As the Internet and other new media emerge, traditional publishers are finding themselves with new opportunities and new competitors. What have they learned so far about this new communications frontier, and how will it change the roles of information providers and users? What moves publishers and consumers into a new realm is the unique potential of the Internet in four areas: immediacy, interactivity, customization and the ability to search a database. My presentation will discuss what The New York Times and other publishers are doing in these areas to reinvent themselves on the Internet, as well as the privacy issues surrounding the vast databases we are compiling on our usage and users.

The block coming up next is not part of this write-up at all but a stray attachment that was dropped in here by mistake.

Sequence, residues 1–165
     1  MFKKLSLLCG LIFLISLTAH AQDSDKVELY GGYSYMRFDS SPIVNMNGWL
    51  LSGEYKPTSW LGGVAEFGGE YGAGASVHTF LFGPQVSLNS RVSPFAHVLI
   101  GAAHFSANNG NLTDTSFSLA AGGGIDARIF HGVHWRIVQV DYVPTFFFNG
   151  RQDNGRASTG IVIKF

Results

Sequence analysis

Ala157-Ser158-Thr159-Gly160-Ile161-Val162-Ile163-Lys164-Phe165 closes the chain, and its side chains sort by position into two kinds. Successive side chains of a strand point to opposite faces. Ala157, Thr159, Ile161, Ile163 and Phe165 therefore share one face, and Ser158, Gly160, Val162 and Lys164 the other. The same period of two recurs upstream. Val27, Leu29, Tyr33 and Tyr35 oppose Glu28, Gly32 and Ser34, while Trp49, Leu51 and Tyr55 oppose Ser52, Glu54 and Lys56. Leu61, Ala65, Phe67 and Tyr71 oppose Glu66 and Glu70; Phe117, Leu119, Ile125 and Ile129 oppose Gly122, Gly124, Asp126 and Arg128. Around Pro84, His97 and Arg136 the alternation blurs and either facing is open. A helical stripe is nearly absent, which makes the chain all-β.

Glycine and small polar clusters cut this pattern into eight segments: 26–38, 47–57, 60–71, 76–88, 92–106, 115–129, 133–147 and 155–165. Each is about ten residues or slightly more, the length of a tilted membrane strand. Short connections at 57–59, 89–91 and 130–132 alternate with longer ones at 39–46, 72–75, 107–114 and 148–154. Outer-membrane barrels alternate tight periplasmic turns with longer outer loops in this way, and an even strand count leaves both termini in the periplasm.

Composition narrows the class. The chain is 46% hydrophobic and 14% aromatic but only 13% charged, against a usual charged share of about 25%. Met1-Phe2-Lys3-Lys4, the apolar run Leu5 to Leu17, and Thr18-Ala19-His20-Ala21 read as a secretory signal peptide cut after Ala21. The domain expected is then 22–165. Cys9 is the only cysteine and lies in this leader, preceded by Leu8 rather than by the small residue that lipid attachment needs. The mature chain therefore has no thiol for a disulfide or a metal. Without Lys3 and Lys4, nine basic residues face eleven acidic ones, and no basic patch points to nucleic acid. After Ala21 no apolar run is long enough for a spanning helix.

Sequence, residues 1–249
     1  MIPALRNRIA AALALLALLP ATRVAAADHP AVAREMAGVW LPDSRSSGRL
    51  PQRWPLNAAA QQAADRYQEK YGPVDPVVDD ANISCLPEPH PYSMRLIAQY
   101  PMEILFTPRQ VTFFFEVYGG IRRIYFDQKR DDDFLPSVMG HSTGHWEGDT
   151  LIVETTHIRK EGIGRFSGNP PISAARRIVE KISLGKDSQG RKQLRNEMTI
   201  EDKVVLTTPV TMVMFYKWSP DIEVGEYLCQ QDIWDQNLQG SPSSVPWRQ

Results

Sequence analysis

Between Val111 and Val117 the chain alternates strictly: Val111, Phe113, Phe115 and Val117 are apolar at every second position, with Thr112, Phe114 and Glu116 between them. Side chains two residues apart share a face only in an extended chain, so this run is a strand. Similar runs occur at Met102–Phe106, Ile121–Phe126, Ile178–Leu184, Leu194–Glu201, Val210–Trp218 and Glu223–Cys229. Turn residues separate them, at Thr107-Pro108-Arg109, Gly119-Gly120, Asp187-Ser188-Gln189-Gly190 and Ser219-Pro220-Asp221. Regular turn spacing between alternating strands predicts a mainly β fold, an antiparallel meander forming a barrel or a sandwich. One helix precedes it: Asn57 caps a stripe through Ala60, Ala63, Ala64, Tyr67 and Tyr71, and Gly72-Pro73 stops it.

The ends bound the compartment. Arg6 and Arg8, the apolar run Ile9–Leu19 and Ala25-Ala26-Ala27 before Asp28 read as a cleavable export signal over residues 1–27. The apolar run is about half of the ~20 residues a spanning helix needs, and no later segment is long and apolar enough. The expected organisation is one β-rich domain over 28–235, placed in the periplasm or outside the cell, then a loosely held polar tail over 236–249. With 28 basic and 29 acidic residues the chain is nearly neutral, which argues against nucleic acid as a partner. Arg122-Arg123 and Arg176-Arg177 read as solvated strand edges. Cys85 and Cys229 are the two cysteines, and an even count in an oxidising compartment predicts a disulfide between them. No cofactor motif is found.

Most recently, he served for more than two years as editorial director of The New York Times Electronic Media Company, a group formed in 1995 to oversee the newspaper's on-line and multimedia endeavors, including The New York Times on the Web, of which he was founding editor.
He began his career as a reporter for The Associated Press in Los Angeles and Raleigh, N.C., and spent five and a half years in Paris as an editor for The International Herald Tribune. He joined The New York Times as a copy editor in 1984, and went on to serve as assistant foreign editor, deputy news editor and assistant metropolitan editor.
He graduated from the University of Southern California and has a master's degree in journalism from Columbia University.